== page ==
The Claim Jumper rides into the sunset
The Claim Jumper Steakhouse, one of Main Street’s oldest and most storied restaurants, is closing its doors in Park City.
It never changed main owners, never changed hours, and rarely changed its menu and as of Aug. 18, the model of consistency will be gone.
"My father started it 30 or 40 years ago," said Tammy Ringwood, daughter of owner Richard Ringwood and current manager. "I think it’s one of the oldest buildings in Park City to be under the same ownership. But Aug. 18 is the last night we’ll serve dinner."
Dinner is all the restaurant has ever served. The hours have been 5 p.m. to 10 p.m., seven days a week since it opened. Now during those hours, the Scully Building, which houses both The Claim Jumper and Ringo’s Private Club, will be dark.
Tammy said, last week, when Richard finally signed the papers to sell the building to a developing group, the 70-year-old immediately jumped on his Harley Davidson and went for a ride and he’s still not back.
"My dad is an entrepreneur, but I think it’s time he takes a ride on his horse or on his Harley and just enjoys life," Tammy said. "He’s finally ready to let some things go. People have been trying to buy that building for 10 years. It’s a beautiful building. It’s a historical landmark."
Although Tammy will still run The Claim Jumper in Heber City, as well as many of her father’s other businesses and investments, she said the memories of The Claim Jumper will always stay with her.
Like the memory of being a 10 year old and being scared to death of the building’s third floor. Before it was The Claim Jumper, the Scully building was The New Park Hotel. Richard and then-partner Lloyd Stevens decided to keep bedrooms on the third floor and let The Claim Jumper’s employees live there for free. Tammy said the employees would stay up late partying and then sleep in late. Tammy and her sister Kim would take turns daring each other to walk farther and farther down the hall, frightened they would be joined by an inebriated employee on his way to the dorm-style bathroom down the hall.
Then there’s Kat James. James used to play her guitar and sing at The Down Under, which was what Ringo’s used to be called, five nights a week. She remembers meeting Burt Reynolds at the club, and then meeting Sally Field a few days later. And there’s the time when Ruth Buzzy from "Laugh-In" was doing the limbo.
But there was one night that sticks out in her mind like a redhead in China.
"One of the really great times was when I was playing with my former partner in the summer of 1981," James said. "We went to a Jerry Jeff Walker concert and we got his roadies to give him some temporary membership passes to The Claim Jumper. The next night we were playing our regular gig and someone said some members of Jerry Jeff Walker’s band were at the bar. Someone went up to one of them and said, ‘Hey, I heard you’re part of Jerry Jeff Walker’s band.’ The guy looked back and said, ‘I am Jerry Jeff.’ Later that night he got up and played for nothing. We were there until probably 3 a.m. with a couple hundred people packed in like sardines."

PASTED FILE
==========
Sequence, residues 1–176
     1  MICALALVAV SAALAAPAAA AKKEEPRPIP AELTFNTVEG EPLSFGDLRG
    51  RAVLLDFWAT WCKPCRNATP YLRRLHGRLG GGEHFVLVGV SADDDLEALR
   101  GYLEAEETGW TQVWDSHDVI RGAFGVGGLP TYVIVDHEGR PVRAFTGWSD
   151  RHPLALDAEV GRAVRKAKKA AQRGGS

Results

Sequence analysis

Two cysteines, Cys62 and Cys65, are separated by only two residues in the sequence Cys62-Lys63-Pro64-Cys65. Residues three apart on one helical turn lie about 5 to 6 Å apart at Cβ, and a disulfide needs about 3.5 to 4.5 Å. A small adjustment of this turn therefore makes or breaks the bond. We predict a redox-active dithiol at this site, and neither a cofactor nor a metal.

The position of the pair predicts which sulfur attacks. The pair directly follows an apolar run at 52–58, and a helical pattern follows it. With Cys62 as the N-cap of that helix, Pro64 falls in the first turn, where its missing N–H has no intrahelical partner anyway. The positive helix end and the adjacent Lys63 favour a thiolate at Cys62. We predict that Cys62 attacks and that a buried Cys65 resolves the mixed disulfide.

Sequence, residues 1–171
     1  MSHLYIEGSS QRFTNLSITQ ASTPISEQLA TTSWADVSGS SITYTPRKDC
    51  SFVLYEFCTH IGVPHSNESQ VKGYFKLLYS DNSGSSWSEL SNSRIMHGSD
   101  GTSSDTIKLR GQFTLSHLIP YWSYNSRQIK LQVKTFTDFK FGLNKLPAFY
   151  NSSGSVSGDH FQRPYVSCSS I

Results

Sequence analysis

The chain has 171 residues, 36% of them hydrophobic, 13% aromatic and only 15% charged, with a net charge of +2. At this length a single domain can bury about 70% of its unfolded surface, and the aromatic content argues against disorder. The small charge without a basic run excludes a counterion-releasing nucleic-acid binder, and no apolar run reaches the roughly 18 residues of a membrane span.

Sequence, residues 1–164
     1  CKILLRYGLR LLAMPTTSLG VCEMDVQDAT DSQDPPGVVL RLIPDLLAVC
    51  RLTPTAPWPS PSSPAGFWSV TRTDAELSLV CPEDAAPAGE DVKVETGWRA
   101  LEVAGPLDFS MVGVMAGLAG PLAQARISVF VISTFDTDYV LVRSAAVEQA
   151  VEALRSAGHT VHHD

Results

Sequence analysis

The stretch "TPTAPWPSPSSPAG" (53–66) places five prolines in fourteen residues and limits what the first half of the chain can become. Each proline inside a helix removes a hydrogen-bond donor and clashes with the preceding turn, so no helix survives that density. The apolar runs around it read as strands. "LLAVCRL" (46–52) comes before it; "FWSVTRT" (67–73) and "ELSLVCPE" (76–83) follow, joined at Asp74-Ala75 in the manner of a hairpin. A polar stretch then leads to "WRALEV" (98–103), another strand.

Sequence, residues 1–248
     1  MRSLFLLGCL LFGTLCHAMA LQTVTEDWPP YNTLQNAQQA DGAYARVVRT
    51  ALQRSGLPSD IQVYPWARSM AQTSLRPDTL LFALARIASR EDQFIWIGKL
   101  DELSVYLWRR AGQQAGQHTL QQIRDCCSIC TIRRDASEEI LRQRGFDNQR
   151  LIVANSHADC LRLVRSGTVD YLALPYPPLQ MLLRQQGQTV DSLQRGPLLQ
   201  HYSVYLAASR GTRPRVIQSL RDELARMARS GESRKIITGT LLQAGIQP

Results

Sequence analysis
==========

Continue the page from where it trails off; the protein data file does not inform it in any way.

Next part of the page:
Debbie Hansen worked at The Claim Jumper from 1975 to 1985. She said she has enough stories about the restaurant to write a book, but if she told some of them then she’d have to leave town.
"The most important thing to me is how we all really grew up together," she said. "The policemen used to give all the bartenders a ride home. Back when Huggard and Al Allen were on the force. We’d call them up and they’d pack us all into the only car they had and drive us home. You don’t quite get that service now.
"It was just one of those places where we would close the bar up but the party would just continue on."
Tammy said it’s the memories that will keep the legacy of The Claim Jumper alive.
"The hardest part for me is just letting go," she said. "It’s a part of me. It will be hard to not just be able to come in anytime and get a table. And the food was good. We have only added something like three items to the menu in 15 years. We only have one salad dressing and people love it. The locals love it. They always come in, at least when they could find parking."
But she also said it was time to move on and focus on other things, but not without one last hurrah.
"It will be a sad goodbye for my dad because it’s a bit of his legacy," Tammy said. "He said to me, and this is when I knew he was going to be OK, ‘I don’t envy their journey.’ It’s an old building that requires a lot of attention and now he won’t have to worry about it. It all worked out perfect."
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